When people find out I’m a dietitian, one of the questions I get asked most frequently is, “How do you feel about multivitamins?” I usually try and find out why they’re asking before I respond, because the answer really depends. One size doesn’t fit all!
Hippocrates is widely credited as saying, “Let thy food be thy medicine.” For centuries, this simple advice has served people well; before the dawn of protein shakes and fish oil, a balanced diet generally equated to overall healthfulness. Vitamin and mineral supplements have become ubiquitous in modern society, however, and manufacturers are adept at convincing us that the key to good nutrition lies in a pill or a powder. Most healthy people with a varied, balanced diet can meet all of their nutrient needs through food. Besides, the Food and Drug Administration does not review or approve supplements for safety, and they can contain extra substances like enzymes and botanicals that may cause reactions with other medications.
Pregnant women have greater nutrient needs than the general population, and while most of these can be met through food, that’s not the case with all. Most women are told to start a prenatal vitamin as soon as (or before) they find out they’re pregnant. Prenatal vitamins provide some nutrients, like folic acid, that are critical in the early stages of pregnancy. But always consult your physician before starting a vitamin or mineral supplement if you’re pregnant (or trying to get pregnant).
First, let’s focus on a few vitamins and minerals that require extra attention during pregnancy: vitamin A, vitamin D, iron, calcium, folic acid, omega-3 fatty acids and choline.
Table 1: Nutrient Needs Before, During and After Pregnancy
What it does: While most of us associate vitamin A with vision, it does a lot more than just that! Especially for developing fetuses, vitamin A promotes cell division and differentiation. It also promotes optimal immune function.
How to get it: Vitamin A comes in two forms: retinol (the active form, generally found in animal foods and supplements) and beta carotene (a vitamin A precursor found in plant foods). Carotenoids are responsible for giving fruits and vegetables their color: bright orange and green vegetables are great sources of beta carotene. Be careful to limit your intake of retinol during pregnancy, though, because excessive intake early in pregnancy can lead to birth defects and may weaken bone mass. Never consume more than 3,000 μg vitamin A. Focus on eating an array of vegetables and you’ll easily meet your vitamin A needs for pregnancy and lactation.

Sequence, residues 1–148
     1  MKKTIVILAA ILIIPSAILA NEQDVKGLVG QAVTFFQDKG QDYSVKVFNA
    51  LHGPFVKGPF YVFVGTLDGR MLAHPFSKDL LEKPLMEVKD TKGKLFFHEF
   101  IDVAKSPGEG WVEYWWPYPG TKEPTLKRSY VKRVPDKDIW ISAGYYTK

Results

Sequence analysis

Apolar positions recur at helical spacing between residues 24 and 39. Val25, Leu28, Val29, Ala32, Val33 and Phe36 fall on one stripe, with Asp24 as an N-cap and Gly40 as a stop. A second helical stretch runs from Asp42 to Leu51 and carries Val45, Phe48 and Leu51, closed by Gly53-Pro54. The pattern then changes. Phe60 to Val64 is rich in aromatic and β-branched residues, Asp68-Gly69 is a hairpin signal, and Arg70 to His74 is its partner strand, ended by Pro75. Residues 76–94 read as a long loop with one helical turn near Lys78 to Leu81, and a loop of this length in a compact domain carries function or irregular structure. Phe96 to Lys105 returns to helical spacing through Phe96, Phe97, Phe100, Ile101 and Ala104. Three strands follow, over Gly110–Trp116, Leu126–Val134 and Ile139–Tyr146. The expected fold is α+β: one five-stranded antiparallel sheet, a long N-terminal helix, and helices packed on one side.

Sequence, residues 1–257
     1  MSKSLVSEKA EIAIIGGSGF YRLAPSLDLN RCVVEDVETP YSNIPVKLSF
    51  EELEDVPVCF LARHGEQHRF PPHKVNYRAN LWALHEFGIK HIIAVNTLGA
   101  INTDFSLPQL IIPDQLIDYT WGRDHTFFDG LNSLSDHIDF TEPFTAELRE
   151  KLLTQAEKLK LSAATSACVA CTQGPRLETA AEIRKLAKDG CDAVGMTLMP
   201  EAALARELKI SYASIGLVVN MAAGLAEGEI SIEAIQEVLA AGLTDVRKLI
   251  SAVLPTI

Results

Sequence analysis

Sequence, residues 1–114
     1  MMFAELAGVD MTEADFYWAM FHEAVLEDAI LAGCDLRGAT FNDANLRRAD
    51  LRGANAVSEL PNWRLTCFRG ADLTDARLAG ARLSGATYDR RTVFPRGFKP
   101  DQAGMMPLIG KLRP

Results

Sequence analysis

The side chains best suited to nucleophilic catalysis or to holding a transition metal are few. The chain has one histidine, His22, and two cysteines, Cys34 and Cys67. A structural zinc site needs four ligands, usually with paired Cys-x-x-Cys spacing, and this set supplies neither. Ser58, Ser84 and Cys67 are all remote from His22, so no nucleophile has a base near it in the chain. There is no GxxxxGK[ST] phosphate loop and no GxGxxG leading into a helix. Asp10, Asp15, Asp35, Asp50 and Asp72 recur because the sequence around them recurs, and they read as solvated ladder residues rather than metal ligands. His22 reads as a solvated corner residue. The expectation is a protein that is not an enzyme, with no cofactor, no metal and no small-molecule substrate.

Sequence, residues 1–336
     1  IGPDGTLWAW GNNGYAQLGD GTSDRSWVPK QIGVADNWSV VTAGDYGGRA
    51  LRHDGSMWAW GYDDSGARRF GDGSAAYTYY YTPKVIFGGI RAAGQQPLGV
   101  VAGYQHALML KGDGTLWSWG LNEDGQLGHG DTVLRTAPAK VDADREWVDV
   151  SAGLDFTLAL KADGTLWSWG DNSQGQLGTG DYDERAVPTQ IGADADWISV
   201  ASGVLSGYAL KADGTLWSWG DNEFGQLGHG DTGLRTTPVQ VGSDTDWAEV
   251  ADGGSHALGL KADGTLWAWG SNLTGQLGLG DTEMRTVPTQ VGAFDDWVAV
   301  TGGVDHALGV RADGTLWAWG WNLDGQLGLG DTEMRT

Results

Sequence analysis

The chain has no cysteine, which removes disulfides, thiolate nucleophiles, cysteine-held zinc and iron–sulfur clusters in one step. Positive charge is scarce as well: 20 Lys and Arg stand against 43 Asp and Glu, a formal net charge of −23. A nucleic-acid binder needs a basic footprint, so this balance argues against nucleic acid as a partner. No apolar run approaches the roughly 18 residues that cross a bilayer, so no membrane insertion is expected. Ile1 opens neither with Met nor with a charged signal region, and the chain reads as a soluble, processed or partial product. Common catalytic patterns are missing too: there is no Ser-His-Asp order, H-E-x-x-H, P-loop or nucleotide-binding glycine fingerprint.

What it does: Vitamin D is important in developing strong bones and muscles. It works to promote absorption of calcium in both mothers and babies, and has a role in immune function. Studies also point to vitamin D as a protective factor against childhood asthma.
How to get it: Aside from salmon and tuna, most foods are relatively low in vitamin D; fortified dairy products, breakfast cereals and orange juice are all good choices. Women living at northern latitudes above 40 degrees and those with darker skin should consult their physicians about extra vitamin D supplementation, since their vitamin D levels tend to be lower to begin with.
What it does: Iron is a primary component in hemoglobin, a molecule within red blood cells responsible for delivering blood to organs and tissues. It also plays a role in the developing immune system, brain and nervous system of fetuses.
How to get it: There are two forms of iron: heme and non-heme. Heme iron is abundant in meat, seafood and poultry. Non-heme iron is found in plant sources like leafy green vegetables and legumes. Fortified foods like breakfast cereals are also high in non-heme iron.